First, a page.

I have recently spent two days at a conference in which I was fortunate to listen to some inspirational speakers in the field of education, all advocating that we have a ‘permission to educate’. That we have a duty to prepare our children for the ‘test of life’ rather than a ‘life of tests’. In a current climate of education in which we are being asked to test our youngest children and evidence how much ‘educational’ progress they have made at each stage of their school journey, it is refreshing to be reminded that many of the skills needed to be successful are not those one can measure with a test. Creativity, imagination, passion, determination, confidence and perseverance are what have likely seen the world’s most successful people both in business and the arts realise their ambitions. These characteristics of effective learning are the foundation of an Early Years curriculum and we are fortunate to see the blossoming of them in the children we teach. Our view of ‘clever’, as a result, is very wide. It also means that, just as you find the fizz inside a sherbet lemon, we find the fizz inside every child.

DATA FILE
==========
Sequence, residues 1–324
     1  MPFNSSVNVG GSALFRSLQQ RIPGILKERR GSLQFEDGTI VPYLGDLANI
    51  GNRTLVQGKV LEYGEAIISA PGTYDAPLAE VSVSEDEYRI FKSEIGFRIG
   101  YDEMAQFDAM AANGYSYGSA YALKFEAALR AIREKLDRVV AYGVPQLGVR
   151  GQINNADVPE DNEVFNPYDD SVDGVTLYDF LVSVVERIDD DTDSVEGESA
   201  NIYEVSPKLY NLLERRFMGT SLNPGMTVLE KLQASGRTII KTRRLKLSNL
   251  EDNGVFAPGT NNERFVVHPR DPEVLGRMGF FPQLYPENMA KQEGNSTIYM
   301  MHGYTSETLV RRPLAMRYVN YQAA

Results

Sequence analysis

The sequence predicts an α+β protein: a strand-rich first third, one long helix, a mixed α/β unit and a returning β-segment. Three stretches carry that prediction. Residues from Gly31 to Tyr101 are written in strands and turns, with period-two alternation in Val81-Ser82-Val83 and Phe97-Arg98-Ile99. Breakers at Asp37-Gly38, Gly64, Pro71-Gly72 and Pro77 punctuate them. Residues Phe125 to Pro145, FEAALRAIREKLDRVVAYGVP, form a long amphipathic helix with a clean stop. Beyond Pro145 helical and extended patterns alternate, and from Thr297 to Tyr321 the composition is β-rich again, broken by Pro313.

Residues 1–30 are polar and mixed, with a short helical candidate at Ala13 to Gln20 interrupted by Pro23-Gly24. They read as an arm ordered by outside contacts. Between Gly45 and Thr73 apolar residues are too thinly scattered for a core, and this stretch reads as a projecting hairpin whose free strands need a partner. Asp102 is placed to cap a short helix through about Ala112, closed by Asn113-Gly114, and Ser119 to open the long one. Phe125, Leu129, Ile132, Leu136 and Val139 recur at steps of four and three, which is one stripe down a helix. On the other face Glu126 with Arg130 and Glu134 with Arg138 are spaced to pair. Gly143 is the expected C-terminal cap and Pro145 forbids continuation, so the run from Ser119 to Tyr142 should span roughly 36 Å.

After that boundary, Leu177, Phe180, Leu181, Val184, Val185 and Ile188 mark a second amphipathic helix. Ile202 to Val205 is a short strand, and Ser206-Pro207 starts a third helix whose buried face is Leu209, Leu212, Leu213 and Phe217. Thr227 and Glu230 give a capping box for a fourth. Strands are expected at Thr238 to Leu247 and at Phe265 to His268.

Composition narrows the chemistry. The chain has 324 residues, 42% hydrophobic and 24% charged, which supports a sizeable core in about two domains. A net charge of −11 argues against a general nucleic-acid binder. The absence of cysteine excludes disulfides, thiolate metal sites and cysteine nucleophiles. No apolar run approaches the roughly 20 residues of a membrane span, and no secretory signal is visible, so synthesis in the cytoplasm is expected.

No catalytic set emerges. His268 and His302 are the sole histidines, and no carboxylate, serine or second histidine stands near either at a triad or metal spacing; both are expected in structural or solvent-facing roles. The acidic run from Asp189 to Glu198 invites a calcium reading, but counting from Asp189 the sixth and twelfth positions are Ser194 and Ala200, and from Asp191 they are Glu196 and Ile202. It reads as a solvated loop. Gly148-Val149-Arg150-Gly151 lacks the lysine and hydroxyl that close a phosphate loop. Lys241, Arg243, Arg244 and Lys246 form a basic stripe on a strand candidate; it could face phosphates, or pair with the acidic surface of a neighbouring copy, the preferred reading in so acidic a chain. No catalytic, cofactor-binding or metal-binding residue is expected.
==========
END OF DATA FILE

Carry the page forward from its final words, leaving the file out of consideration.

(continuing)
I was witness to a brilliant example of this recently when in the woods with a group of Year 2 boys who had discovered a plank of wood and decided to use it to make a see-saw-slide construction using the branches of a tree. I saw excellent communication, negotiation and creativity as they each contributed their ideas for what would provide the best technique for the ultimate ‘bounce’ factor, with each one of them being tested accordingly. However, one boy stood out amongst the others for being able to see through the information overload as he realised the technique needed to be adjusted for each person depending on their stature and long after some of the others had turned their attention to something else, he remained in fixed determination making refinements. The outcome was quite outstanding, but it was the process which showcased his amazing abilities and ‘cleverness’. On paper, this boy does not necessarily stand out as achieving highly academically based on test scores, but if I had to choose a child who will be successful and be able to withstand the ‘test of life’ his name would be pretty near the top of the list.
I am so fortunate to be surrounded by a team who value the importance of helping every child ‘find their fizz’ and their unique place on the ‘clever’ spectrum. We fully accept the ‘permission to educate’ and enjoy doing so in as many ways as possible!